8.   “One felt as if there was an enormous well behind them. Filled up with ages of memory and long, slow, steady thinking; but their surface was sparkling with the present :  sun shimmering on the outer leaves of a vast tree, or on the ripples of a very deep lake. I don’t know, but I t felt as if something that grew in the ground—asleep, you might say, or just feeling itself as something between roof-tip and leaf-tip, between deep earth and sky had suddenly waked up, and was considering you with the same slow care that it had given to its own inside affairs for endless years.”

9.   “This is the hour of the Shire-folk, when they arise from their quiet fields to shake the towers and counsels of the Great.”

10.             “I am frightened; and I do not feel any pity for Gollum.’ ‘You have not seen him,’ Gandalf broke in. ‘No, and I don’t want to,’ said Frodo. ‘I can’t understand you. Do you mean to say that you, and the Elves, have let him live on after all those horrible deeds? Now at any rate he is as bad as an Orc, and just an enemy. He deserves death.’ ‘Deserves it! I daresay he does. Many that live deserve death. And some that die deserve life. Can you give it to them? Then do not be too eager to deal out death in judgement. For even the very wise cannot see all ends.”

11.             “Memory is not what the heart desires. That is only a mirror,”

12.             “I feel I need a holiday, a very long holiday, as I have told you before. Probably a permanent holiday: I don’t expect I shall return. in fact, I don’t mean to, and I have made all arrangements….

I feel all thin, sort of stretched, if you know what I mean:  butter that has been scraped over too much bread. That can’t be right. I need a change, or something.’

Bilbo”

13.             “Now at this last we must take a hard road, a road unforeseen. There lies our hope, if hope it be. To walk into peril – to Mordor. We must send the Ring to the Fire.”

14.             “Haldir had gone on and was now climbing to the high flet. As Frodo prepared to follow him, he laid his hand upon the tree beside the ladder: never before had he been so suddenly and so keenly aware of the feel and texture of a tree’s skin and of the life within it. He felt a delight in wood and the touch of it, neither as forester nor as carpenter; it was the delight of the living tree itself.”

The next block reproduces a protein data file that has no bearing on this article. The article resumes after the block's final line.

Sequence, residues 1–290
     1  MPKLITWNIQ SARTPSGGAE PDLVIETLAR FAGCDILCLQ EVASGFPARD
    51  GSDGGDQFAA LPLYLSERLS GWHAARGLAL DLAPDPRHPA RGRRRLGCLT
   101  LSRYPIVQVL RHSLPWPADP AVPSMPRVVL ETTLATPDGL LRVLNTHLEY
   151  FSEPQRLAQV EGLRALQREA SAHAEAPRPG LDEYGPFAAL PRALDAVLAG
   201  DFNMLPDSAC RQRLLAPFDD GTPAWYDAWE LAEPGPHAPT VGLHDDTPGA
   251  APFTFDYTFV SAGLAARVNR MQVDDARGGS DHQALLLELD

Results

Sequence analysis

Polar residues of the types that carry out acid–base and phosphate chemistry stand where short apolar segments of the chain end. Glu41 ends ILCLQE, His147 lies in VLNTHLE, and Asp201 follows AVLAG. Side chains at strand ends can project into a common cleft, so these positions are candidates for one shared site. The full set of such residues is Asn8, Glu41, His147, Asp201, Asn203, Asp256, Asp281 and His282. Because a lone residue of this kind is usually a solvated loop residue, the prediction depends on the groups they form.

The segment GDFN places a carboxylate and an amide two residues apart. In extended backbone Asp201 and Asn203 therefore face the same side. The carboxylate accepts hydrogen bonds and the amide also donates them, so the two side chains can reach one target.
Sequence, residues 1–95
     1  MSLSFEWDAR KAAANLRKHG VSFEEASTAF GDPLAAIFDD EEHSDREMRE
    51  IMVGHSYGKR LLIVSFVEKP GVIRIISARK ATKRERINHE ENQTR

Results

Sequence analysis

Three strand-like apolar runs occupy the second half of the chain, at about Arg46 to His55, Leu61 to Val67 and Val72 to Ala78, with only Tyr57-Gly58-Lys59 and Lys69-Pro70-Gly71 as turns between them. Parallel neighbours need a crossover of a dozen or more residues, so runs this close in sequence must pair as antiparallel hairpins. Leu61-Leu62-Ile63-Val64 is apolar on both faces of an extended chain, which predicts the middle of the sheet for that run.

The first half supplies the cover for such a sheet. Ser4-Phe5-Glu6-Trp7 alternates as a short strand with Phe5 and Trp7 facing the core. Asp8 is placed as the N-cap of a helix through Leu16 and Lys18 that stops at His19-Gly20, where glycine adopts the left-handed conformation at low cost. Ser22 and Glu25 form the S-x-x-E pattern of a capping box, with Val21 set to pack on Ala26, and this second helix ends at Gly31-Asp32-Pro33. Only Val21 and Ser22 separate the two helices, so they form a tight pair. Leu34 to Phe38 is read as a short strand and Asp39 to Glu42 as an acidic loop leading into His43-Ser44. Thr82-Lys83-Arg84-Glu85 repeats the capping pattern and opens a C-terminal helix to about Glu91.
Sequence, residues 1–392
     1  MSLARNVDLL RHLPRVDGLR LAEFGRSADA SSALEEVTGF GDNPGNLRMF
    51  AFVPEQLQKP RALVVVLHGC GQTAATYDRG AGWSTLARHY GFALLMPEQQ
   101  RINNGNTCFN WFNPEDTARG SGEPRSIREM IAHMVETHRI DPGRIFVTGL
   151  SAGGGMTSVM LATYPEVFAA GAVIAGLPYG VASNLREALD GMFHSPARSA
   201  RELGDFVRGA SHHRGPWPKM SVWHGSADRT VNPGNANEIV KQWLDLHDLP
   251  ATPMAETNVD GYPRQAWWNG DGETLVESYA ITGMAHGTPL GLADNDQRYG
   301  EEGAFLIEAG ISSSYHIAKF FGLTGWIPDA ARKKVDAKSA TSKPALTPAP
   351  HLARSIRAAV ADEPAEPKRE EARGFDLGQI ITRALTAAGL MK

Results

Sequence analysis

15.             “deep they delved us, fair they wrought us, high they builded us; but they are gone.”

16.             “Who are you, Master?’ he asked.

‘Eh, what?’ said Tom sitting up, and his eyes glinting in the gloom. ‘Don’t you know my name yet? That’s the only answer. Tell me, who are you, alone, yourself and nameless?”

17.             “Worst is a bad word,” I said to him, “and I hope you do not live to see it.”

18.             “I don’t know half of you half as well as I should ; and I  less than half of you half as well as you deserve.”

19.             “Elves and Dragons! I says to him. Cabbages and potatoes are better for me and you.”

20.             “You have shown your usual cunning in getting up just in time for a meal.”

21.             “…as young and as ancient as Spring….”

22.             “Then shouldering their burdens, they set off, seeking a path that would bring them over the grey hills of the Emyn Muil, and down into the Land of Shadow.”

23.             “But there, my friends, songs  trees bear fruit only in their own time and their own way: and sometimes they are withered untimely.”

24.             “Yet it is not our part to master all the tides of the world, but to do what is in us for the succour of those years wherein we are set, uprooting the evil in the fields that we know, so that those who live after may have clean earth to till. What weather they shall have is not ours to rule.”